Cypriot unification talks failed last week and the island's Greek and Turkish residents will now have to vote on a UN plan. DW-WORLD readers comment on whether unification is likely.
Turkish Cypriot leader Rauf Denktash opposes unification.
Simple people want a solution as they are tired of this situation. Joining the EU was a hope for a solution. We were prepared that we had to make up for our past mistakes. But the fourth plan of the UN not only supports militarization on this island but leaves no hope for peace in the area. Global Interests have other plans which make the situation in the area even more insecure. The U.S. and Britain have openly made it very clear that if we do not follow their plan we will pay bitterly. Only the EU excluding Britain can help. Otherwise this last plan just creates fear in the area. --
I have lived in Turkey for many years and have been pleased to observe a genuine commitment on the part of the Turkish government to finding a permanent and workable solution to the issue of Cyprus. I am, however, of the firm belief that the Annan plan likely faces rejection by the Greek Cypriots. The two sides on the island of Cyprus have lived apart for so long it may be impossible to construct a united state. -- Gary Chambers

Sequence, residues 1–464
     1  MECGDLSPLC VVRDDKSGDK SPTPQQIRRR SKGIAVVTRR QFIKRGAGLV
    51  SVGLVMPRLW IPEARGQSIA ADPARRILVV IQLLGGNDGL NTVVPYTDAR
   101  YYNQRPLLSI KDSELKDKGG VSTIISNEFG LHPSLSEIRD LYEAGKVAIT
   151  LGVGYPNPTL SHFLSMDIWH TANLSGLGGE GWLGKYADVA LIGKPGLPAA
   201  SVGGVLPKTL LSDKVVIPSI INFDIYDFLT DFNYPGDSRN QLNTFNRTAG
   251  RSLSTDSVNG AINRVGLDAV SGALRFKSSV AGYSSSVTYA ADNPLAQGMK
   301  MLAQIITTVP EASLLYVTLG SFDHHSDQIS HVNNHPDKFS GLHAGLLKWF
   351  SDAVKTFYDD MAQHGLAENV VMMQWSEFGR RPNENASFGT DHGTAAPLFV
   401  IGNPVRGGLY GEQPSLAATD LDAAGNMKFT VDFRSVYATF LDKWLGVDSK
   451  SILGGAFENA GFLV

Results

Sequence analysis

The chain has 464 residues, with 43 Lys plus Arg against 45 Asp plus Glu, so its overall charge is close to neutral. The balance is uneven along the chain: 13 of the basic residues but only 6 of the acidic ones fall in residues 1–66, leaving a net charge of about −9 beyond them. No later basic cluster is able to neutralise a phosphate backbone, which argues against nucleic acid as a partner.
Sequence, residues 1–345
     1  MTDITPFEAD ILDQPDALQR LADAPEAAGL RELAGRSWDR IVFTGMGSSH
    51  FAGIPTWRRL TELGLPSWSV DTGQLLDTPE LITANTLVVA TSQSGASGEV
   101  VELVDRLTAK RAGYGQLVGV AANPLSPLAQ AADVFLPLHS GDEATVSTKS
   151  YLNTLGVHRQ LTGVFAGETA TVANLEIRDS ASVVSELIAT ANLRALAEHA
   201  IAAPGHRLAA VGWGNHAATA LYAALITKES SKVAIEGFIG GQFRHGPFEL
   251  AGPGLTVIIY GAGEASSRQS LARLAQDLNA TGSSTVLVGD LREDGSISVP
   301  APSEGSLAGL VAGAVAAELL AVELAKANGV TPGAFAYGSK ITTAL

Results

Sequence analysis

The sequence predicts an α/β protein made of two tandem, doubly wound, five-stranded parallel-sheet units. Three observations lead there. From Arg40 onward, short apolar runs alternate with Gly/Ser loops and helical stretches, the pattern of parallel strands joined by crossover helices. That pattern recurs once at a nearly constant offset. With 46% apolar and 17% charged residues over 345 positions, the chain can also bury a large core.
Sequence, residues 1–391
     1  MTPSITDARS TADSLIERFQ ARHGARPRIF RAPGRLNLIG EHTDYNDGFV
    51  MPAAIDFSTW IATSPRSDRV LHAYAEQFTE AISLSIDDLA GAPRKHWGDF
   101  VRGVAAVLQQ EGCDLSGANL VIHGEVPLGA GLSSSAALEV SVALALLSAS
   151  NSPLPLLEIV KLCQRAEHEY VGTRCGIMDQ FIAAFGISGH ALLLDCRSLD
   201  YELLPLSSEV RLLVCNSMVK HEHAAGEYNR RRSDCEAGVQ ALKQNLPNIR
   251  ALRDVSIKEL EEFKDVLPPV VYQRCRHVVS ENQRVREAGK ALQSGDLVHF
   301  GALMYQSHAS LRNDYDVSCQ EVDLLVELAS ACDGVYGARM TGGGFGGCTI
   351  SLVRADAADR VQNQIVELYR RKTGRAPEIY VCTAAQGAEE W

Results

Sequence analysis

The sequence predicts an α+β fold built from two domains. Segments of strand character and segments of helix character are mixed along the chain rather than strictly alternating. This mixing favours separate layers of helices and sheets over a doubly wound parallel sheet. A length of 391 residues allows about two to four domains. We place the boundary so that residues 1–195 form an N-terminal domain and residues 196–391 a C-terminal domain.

The latest revision does not benefit the Greek side at all. If the Greeks were Palestinians, would this even be proposed? Why don't we get to the point and allow all the Turks to remain, but they should only receive 18 percent of the land to coincide with their population which would even be less if there weren't Turkish mainland settlers. I would then concede that no Greeks would return to their prior homes but receive compensation from the returned land and money- After all, something is better than nothing and in the status quo world they get nothing. --
To agree to the terms set out by Kofi Annan would mean that Cyprus would be legally divided, and it would legalize the illegal, and unfair invasion by Turkey. The Turks are doing their utmost to usurp the north of Cyprus by pretending that they don't trust the Greeks. It is the Turks who are the aggressors. It would be an injustice to all free peoples if such an act was to be made legal, and acceptable. To split Cyprus, and forbid Greeks from returning to their homes, will fuel hate and Cyprus will become a hot-spot. Freedom will allow peace and a greater integration of both communities to flourish in the years to come. That is what we have in England, why not in Cyprus? The Greeks and Turks live like brothers in the UK, why not in Cyprus? -- Nick Katsiaounis